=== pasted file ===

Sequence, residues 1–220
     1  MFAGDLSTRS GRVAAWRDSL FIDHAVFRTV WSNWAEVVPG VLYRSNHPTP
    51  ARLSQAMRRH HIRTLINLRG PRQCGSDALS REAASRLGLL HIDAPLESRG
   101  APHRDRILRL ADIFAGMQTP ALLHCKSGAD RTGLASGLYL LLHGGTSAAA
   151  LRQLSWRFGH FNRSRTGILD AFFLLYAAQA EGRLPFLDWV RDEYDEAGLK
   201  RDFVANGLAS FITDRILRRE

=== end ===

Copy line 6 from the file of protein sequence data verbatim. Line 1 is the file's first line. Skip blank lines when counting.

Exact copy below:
   201  RDFVANGLAS FITDRILRRE